If comparing the 14-day incidence rate of newly reported COVID-19 cases per 100,000 inhabitants in Europe in the first and second weeks of 2021, a noticeable decline in the number of cases is only evident in a few European countries: Luxembourg, Cyprus, Croatia, Denmark, Finland, Sweden, Lithuania and Liechtenstein. All other countries are experiencing an increase in the number of positive cases. The largest increase was recorded in Iceland, followed by Ireland with 190 per cent, Spain with 92 per cent, Portugal with 65 per cent, Malta with 61 per cent, Romania with 49 per cent, France with 37 per cent and Norway with 30 per cent. A fortnight ago, Europe only had little over a one per cent increase in positive cases, but now the EU countries are experiencing a 30-per cent, or in Slovenia’s case, a 31-per cent increase.
The 7-day incidence rate of newly reported COVID-19 cases per 100,000 inhabitants by regions in the country is lower as a drop in the number of cases has been recorded in the last seven days, making the Slovenian average currently stand at 59.3 (26 January) and 79.4 per cent (12 January) 14 days ago. In the last three days, the daily number of positive cases has been increasing again and, as a result, the 7-day average will also increase. In recent days, the Goriška region has experienced a significant increase in the number of positive cases and these are spreading quickly, especially in families and companies.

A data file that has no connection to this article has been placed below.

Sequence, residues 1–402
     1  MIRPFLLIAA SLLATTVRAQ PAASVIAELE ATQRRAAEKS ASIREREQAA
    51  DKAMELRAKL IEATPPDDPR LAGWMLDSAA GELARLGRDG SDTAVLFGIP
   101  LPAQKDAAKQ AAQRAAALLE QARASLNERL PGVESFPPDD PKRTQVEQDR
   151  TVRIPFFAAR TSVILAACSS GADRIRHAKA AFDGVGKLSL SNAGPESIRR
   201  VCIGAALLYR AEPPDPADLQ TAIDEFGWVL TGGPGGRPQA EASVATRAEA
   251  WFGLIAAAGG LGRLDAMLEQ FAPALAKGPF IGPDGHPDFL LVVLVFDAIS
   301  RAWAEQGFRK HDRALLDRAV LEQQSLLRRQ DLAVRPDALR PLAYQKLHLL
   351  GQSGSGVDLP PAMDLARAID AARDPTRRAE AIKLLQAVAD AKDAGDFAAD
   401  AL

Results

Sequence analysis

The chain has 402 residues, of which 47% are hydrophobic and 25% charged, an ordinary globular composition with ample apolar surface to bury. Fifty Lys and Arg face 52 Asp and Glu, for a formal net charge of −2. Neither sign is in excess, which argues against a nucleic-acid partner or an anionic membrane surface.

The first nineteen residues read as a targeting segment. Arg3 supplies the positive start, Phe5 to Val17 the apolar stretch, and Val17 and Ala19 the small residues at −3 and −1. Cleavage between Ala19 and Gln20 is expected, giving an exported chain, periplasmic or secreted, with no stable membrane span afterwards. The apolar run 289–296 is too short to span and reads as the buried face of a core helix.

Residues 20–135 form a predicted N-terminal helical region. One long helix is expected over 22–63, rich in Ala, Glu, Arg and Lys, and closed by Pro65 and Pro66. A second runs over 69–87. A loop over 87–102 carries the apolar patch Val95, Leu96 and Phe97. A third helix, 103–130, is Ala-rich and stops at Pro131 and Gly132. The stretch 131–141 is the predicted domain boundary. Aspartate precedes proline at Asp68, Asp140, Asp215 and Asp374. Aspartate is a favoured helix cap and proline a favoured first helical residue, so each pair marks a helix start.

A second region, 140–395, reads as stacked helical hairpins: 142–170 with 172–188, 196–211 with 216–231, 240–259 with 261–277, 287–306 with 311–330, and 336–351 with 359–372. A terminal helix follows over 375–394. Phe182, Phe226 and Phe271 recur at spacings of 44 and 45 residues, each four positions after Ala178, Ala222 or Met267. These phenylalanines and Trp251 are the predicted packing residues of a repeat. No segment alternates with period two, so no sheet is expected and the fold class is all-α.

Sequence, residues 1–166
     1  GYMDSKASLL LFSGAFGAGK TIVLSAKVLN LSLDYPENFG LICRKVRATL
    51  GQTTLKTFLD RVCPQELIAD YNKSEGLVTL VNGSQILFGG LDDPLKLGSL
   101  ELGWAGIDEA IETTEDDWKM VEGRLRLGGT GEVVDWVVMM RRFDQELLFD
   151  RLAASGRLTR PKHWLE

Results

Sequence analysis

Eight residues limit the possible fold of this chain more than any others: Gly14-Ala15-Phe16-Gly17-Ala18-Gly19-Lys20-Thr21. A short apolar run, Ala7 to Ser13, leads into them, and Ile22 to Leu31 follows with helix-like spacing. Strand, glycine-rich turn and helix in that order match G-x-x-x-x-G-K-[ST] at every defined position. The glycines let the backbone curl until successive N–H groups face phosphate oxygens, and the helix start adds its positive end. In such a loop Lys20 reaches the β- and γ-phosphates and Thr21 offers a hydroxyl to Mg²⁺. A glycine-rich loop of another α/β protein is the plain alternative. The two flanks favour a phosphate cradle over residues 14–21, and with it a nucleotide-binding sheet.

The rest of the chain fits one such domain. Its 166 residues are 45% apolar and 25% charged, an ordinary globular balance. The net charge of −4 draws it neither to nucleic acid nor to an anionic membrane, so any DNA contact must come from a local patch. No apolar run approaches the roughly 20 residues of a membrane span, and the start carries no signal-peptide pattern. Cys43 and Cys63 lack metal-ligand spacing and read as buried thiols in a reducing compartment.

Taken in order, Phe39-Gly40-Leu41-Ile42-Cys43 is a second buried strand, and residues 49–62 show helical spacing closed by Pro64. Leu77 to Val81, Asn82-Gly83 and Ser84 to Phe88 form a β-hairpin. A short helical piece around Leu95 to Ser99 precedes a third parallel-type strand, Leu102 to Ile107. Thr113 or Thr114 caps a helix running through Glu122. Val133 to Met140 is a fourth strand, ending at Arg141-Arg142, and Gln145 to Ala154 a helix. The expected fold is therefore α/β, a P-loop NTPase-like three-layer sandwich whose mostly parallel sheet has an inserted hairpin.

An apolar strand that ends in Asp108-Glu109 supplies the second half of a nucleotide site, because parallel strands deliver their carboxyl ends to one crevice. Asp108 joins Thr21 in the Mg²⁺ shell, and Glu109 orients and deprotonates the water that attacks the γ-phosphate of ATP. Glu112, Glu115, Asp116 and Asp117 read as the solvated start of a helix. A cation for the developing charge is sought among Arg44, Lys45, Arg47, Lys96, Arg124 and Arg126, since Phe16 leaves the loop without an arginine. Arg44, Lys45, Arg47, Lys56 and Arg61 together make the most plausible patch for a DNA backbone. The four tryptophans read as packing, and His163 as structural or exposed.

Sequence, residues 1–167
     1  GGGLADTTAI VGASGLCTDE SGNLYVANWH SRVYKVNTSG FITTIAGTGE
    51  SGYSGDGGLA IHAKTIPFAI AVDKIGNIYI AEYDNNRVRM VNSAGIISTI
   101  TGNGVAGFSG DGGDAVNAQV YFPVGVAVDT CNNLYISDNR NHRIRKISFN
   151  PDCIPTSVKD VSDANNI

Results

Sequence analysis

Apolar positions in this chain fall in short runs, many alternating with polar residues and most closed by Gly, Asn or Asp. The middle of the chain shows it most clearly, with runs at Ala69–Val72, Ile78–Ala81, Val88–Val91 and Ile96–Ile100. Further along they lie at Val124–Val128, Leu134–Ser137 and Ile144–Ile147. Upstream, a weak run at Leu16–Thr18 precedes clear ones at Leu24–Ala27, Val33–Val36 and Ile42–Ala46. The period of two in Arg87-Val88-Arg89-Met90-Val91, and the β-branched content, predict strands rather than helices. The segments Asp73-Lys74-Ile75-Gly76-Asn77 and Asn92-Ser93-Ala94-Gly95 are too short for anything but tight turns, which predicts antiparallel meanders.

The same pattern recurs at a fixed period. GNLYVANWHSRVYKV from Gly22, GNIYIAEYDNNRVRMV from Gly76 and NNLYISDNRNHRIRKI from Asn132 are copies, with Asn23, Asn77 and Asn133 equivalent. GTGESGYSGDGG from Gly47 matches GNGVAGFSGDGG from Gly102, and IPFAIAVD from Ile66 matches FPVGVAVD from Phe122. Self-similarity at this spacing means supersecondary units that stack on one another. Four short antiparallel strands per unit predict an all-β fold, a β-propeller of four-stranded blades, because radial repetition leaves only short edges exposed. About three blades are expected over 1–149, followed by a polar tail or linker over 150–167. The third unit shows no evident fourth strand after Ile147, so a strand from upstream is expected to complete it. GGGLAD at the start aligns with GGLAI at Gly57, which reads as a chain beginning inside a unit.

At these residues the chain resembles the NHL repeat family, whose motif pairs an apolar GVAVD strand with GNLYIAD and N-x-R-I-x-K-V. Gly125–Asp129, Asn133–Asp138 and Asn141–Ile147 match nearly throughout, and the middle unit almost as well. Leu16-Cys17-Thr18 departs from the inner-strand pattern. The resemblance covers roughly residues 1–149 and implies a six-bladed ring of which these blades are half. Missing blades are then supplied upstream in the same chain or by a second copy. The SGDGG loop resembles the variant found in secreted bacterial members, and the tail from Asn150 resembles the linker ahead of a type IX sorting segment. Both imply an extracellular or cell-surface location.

The UK strain, which was already confirmed on samples in September 2020 in the United Kingdom, is very dominant in the UK, particularly in the south-east of the country. It is highly contagious, but there is as yet no evidence that it causes a more severe course of the disease. But it nevertheless causes more strain on hospitals. Some 1,300 cases were recorded in 23 countries of the EU up to 21 January. And in the United Kingdom, Israel and India outside the EU.